Monday, July 4, 2011

The Tempting, Mouthwatering Chicharon


Chicharon or ‘tsitsaron’ as it is known in the Philippines, is made from pork skin or rind after it has been dried, salted and deep fried. The word chicharon is derived, like many of the other Filipino words, from the Spanish word chicharron which is also made from pork rinds; but sometimes, mutton, beef, or chicken is also used.

Popular varieties of chicharon are the chicharon bulaklak and chicharon bituka. Like all types of chicharon, they are all mostly eaten as a side dish to go with an alcoholic beverage. The term used for side dishes that go with alcoholic drinks is ‘pulutan’ meaning, ‘something that is picked’. It is derived from the English term ‘finger food’. It is also considered as an appetizer but in the Philippines, like most appetizers such as sisig, it has found its way to be a viand that is served with steamed white rice. Chicharon is commonly eaten by dipping it in vinegar or with atchara (pickled papaya).

Chicharon Bulaklak is mesenteries of pig intestines that are dried, salted, then deep fried to a crisp. It is called chicharon bulaklak because of how it resembles a flower after frying (bulaklak means flower in Tagalog). Variations of chicharon bulaklak are also made from chicken omentum, which is a fat- filled sac covering the small intestines of the chicken.

Chicharon bituka (intestines) is made from deep fried cow or pigs’ intestines that have also been dried, seasoned and deep fried. Unlike the chicharon bulaklak, it doesn’t resemble a flower. All chicharon varieties are similar in taste, being salty, so it’s in the texture that each one can be differentiated. The regular pork rind chicharon is a lighter shade of brown and can be stored longer. The chicharon bituka and bulaklak have to be consumed the day you buy them because they will lose their initial crispness and flavor. They both have a tendency to form sebo (hardened grease) when they cool so you always have to eat them either fresh from the pan or still warm.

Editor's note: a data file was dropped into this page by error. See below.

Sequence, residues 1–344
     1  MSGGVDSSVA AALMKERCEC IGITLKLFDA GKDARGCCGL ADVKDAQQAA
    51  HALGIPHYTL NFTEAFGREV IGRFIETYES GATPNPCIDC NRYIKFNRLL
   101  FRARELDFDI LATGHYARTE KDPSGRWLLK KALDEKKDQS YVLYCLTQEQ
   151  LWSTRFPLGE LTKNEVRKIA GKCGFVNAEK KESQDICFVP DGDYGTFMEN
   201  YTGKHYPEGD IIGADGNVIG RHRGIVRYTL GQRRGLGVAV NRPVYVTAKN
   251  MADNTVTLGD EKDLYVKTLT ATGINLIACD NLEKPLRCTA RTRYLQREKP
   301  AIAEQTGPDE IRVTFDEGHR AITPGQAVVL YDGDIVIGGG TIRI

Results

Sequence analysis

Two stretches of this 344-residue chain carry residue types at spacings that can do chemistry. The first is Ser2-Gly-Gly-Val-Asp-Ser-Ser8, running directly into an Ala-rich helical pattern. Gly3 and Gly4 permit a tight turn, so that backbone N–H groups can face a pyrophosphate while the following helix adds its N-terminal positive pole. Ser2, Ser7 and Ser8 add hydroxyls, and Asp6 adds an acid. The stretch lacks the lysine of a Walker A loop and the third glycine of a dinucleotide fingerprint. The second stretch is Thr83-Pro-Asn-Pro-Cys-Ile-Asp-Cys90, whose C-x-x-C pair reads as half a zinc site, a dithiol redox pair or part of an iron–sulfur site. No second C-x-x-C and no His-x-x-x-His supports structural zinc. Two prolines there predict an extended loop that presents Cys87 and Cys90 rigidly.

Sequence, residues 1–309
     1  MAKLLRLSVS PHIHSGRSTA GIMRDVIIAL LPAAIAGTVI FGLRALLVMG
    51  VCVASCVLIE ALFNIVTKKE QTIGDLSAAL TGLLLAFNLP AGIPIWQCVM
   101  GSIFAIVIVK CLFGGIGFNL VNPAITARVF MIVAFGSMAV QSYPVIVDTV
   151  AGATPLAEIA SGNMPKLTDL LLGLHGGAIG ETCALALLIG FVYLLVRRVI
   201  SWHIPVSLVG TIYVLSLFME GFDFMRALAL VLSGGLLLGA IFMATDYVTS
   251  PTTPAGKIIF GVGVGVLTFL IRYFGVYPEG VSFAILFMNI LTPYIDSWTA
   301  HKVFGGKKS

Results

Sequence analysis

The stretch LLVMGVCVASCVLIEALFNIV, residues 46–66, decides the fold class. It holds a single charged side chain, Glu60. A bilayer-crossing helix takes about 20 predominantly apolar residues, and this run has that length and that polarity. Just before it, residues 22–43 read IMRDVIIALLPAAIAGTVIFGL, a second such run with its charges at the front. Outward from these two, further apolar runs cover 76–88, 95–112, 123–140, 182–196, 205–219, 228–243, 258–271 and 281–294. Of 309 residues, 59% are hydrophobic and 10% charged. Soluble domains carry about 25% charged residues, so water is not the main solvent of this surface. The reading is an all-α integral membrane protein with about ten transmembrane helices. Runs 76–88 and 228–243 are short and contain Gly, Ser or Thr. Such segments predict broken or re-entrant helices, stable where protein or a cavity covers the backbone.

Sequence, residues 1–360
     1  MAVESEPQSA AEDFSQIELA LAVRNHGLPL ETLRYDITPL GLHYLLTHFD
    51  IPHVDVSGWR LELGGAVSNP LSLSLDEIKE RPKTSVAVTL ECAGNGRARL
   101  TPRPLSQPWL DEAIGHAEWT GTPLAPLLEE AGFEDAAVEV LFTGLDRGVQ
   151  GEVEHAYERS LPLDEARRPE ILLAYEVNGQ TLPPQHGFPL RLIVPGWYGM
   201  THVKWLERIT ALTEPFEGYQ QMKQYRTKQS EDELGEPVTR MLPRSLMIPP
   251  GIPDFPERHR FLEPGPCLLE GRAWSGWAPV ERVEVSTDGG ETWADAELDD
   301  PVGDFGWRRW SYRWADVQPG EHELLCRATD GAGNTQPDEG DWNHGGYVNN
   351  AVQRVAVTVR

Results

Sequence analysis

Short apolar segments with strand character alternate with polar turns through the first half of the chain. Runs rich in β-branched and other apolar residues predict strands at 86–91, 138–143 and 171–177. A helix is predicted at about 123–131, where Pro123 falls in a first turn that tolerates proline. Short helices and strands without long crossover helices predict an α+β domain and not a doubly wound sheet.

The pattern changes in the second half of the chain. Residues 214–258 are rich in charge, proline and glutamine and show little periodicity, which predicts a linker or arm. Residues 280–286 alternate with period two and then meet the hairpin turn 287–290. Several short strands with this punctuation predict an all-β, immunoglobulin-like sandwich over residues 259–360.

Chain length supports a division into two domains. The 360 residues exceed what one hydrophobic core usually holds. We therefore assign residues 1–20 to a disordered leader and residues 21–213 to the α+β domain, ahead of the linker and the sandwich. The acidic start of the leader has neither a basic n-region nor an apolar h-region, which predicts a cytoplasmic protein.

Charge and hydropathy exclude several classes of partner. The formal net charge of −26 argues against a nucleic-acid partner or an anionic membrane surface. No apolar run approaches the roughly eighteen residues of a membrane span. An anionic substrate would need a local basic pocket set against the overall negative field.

Chicharon bulaklak has always been my personal favorite because of its texture. I remember buying it fresh from a place that makes it special in Quiapo (a district in Manila). It doesn’t look appetizing at all when you see it being prepared, because it looks like a long, brown creature when it comes off the deep fryer. It is then cut into bite sized pieces. To describe its texture, the petal part (looks more like fringes to me) of the chicharon bulaklak is delicate and crispy; the middle is creamy because of the fats. If I knew better then I’d say it was a heart attack coming. But I was young and I could indulge in just the pleasure of the taste of it which is oh so delicious. Now, as much as it tickles my appetite, I try to eat it in moderation. Yes, ‘try’ is the operative word here because once you start eating chicharon, it takes superhuman willpower to stop.

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